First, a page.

Migrant domestic workers in Lebanon are being subjected to “shameful” human rights abuses due to the laws that govern their employment, a new report has claimed.
A months-long investigation by Amnesty International found that an “inherently abusive” migration sponsorship system was to blame for the poor treatment of women domestic workers in the country.
Testimony collected from more than 30 domestic workers living in Lebanon revealed “significant and consistent patterns of abuse”, including human trafficking, withholding salary, physical and verbal abuse, restrictions on freedom of movement and deprivation of food.
The kafala (sponsorship) system, common across the Middle East, ties the legal residency of migrant workers to their employer, which gives them “total control” over the employees’ lives. The system has been described as modern-day slavery by campaigners.
“It is outrageous that successive Lebanese governments have turned a blind eye to the catalogue of abuses that migrant domestic workers are being subjected to in their place of employment. Under kafala, these private homes have turned in many instances into little more than prisons for workers who are often treated with breathtaking contempt or outright cruelty,” said Heba Morayef, Amnesty International’s Middle East and north Africa director.
There are an estimated 250,000 migrant domestic workers in Lebanon, most of them come from Ethiopia, the Philippines, Bangladesh and Sri Lanka. The majority come from impoverished backgrounds and work in private households to send money back home to their families. Often they are not aware of the conditions they might face in Lebanon.
Ethiopia, Nepal and the Philippines have all introduced bans on their citizens coming to work in Lebanon because of the high level of abuse. But many find a way around the ban, and large numbers still seek work here.
A 2017 report by The New Humanitarian, citing official Lebanese government figures, found that an average of two domestic workers were dying every week. The figures included natural deaths, but suicides and deaths from botched escape attempts – often workers who jump from balconies of apartments where they work – are common.
Amnesty interviewed 32 migrant domestic workers, as well as diplomatic officials, employers and recruitment agencies for the investigation.
Eva, a 38-year-old domestic worker from the Philippines, told Amnesty she was locked inside her employer’s home for three years before managing to escape.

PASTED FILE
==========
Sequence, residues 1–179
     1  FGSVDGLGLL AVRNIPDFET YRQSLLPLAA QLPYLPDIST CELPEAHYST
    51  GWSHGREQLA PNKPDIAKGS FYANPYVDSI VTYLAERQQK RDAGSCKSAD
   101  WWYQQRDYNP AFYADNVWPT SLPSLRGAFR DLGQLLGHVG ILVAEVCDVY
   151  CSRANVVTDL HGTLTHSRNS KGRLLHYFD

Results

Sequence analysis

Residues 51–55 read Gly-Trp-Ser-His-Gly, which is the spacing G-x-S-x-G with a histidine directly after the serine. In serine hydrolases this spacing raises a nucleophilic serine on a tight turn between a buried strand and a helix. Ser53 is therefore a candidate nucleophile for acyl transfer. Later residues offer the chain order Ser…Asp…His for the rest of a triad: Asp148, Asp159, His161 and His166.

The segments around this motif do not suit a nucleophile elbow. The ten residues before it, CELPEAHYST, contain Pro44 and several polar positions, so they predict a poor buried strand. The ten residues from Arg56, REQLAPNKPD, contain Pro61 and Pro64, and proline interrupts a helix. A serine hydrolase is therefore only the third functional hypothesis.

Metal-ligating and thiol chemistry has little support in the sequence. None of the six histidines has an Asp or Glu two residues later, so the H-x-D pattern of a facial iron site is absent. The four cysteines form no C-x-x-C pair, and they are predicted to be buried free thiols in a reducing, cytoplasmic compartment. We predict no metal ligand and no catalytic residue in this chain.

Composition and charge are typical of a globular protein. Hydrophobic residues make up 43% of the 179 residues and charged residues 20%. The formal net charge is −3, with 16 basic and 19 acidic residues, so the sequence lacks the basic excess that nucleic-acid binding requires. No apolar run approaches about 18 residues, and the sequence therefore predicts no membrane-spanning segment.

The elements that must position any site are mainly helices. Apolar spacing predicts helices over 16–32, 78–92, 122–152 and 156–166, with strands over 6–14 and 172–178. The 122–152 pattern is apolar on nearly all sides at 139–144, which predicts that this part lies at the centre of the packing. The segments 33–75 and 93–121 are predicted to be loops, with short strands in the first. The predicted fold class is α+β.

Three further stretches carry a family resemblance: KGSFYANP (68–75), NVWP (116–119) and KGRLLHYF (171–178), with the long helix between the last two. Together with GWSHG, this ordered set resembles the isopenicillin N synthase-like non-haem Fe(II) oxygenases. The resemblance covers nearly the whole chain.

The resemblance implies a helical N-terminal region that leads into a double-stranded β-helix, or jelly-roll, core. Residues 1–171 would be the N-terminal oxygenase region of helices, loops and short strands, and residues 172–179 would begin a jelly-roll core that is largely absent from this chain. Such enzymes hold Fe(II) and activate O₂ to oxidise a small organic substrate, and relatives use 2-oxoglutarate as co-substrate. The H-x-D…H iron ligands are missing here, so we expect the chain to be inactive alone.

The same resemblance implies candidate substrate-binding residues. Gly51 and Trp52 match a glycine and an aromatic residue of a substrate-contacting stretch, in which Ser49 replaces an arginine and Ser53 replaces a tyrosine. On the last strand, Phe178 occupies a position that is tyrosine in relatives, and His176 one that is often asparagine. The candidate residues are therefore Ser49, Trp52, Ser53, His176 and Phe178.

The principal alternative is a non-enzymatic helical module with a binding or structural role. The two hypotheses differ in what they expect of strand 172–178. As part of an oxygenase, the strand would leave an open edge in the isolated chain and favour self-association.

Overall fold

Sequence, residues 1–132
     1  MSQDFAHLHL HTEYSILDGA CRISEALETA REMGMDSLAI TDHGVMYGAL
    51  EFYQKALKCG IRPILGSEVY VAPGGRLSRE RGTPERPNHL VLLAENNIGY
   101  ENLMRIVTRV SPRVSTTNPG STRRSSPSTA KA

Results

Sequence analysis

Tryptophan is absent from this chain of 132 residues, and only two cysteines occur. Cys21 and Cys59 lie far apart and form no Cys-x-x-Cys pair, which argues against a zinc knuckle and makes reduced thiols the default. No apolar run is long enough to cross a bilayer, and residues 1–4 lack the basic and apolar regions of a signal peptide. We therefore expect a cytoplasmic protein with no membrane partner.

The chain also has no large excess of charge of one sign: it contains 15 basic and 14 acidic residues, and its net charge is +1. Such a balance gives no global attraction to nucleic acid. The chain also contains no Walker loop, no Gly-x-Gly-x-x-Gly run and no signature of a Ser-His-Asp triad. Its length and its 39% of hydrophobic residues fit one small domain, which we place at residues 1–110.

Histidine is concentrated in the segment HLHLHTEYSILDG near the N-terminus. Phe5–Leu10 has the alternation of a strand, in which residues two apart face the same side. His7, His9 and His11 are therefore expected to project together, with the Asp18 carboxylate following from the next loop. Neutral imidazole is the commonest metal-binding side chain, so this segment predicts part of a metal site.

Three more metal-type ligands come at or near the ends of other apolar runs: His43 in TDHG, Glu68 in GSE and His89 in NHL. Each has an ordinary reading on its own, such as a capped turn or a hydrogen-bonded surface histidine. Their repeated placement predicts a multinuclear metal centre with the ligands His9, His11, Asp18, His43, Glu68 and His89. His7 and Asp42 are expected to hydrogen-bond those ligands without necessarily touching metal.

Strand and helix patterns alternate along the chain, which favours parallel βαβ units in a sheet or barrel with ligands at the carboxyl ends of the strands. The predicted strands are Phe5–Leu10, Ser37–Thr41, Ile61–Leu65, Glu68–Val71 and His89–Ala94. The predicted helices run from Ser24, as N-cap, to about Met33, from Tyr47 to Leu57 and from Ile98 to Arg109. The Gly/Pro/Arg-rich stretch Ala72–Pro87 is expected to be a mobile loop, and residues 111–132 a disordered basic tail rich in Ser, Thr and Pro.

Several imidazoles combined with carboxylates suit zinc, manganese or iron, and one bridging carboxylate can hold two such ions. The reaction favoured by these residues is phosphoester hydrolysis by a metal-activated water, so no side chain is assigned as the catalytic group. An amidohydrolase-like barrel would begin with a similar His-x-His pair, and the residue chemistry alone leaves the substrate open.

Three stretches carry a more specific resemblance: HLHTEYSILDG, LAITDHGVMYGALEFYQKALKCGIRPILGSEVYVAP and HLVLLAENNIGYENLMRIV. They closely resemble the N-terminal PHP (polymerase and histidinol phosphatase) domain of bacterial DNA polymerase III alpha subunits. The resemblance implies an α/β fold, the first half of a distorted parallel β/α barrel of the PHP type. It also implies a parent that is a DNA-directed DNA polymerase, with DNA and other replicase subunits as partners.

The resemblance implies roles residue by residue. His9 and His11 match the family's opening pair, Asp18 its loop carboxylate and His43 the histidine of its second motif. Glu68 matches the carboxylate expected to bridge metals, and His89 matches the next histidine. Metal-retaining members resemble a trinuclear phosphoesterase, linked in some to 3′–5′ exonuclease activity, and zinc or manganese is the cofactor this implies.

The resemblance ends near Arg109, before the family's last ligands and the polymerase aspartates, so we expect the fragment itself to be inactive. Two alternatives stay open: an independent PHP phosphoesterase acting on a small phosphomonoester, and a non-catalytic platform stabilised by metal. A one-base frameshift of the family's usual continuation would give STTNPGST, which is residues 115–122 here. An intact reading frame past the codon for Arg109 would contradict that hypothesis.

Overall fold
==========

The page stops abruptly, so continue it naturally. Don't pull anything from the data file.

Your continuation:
“I wasn’t allowed to talk to anyone. If I opened the window and waved to other Filipinas, she [employer] would pull my hair and beat me. For three years she locked me in the house. I never got out,” she said.
Mary, a 33-year-old domestic worker from Ethiopia, faced similar circumstances. She said she was locked up for a year by an abusive employer.
“They treated me like a donkey and locked me in the house... I was not allowed to talk to the neighbours or use the telephone. For one year, I couldn’t contact my family,” she said.
Research suggests that the practice of employers locking domestic workers in their homes is common in Lebanon. A 2016 study by the International Labour Organisation (ILO) found that 22.5 per cent of employers always or sometimes locked workers inside their homes. The ILO said the actual number may be much higher due to the stigma of admitting to the practice. The same study found that 18 per cent of those employers believed they were legally entitled to do so.
The Amnesty report found that this isolation and the dependence on their employer put domestic workers at risk of physical and sexual abuse. Six of the 32 women interviewed by Amnesty said they were subjected to abuse, including “slapping, beating or choking them, pulling their hair and hitting their head against the wall”.
“Underlining the power imbalance between employers and migrant domestic workers, many said they were particularly subjected to such abuse when they tried to challenge their employers,” the report said.
Despite the high levels of abuse, many migrant domestic workers fear going to the police. Because the kafala system links a worker’s legal status to their employer, simply escaping from an abusive employer can put them at risk of detention.
Amnesty interviewed eight women “who had run away from what they reported as abusive working environments, forced labour or trafficking”, and who did not bring legal claims because of the precarious of their residency situation.
Eva managed to flee from her employer after three years of abuse when they forgot to lock the front door, but she has been living undocumented since her escape.
“Since 2014, I am without papers. I work illegally. I have to pay the overstay penalty if I want to go back home, but I don’t have the money. I don’t feel safe going out because I don’t have papers. I am afraid the police would take me to jail,” she said.
A representative for a Lebanese agency that recruits migrant domestic workers told Amnesty that abuse victims are unlikely to find justice in the Lebanese legal system.
“You cannot get justice for migrant domestic workers in cases of violence in Lebanon. We all know that the perpetrators are not punished for what they do. People who do such things know that they have power and that they are untouchable by the law,” the agency representative said.
In its response to the report, Lebanon’s labour ministry said it had drafted a new law concerning the protection of migrant domestic workers, and is in the process of setting up a task force to present recommendations to reform the kafala system.
Amnesty said Lebanon’s minister of labour, Camille Abousleiman, has “responded positively” to the report, but added that it was calling on the government to “end the kafala system and extend labour protections to migrant domestic workers”.
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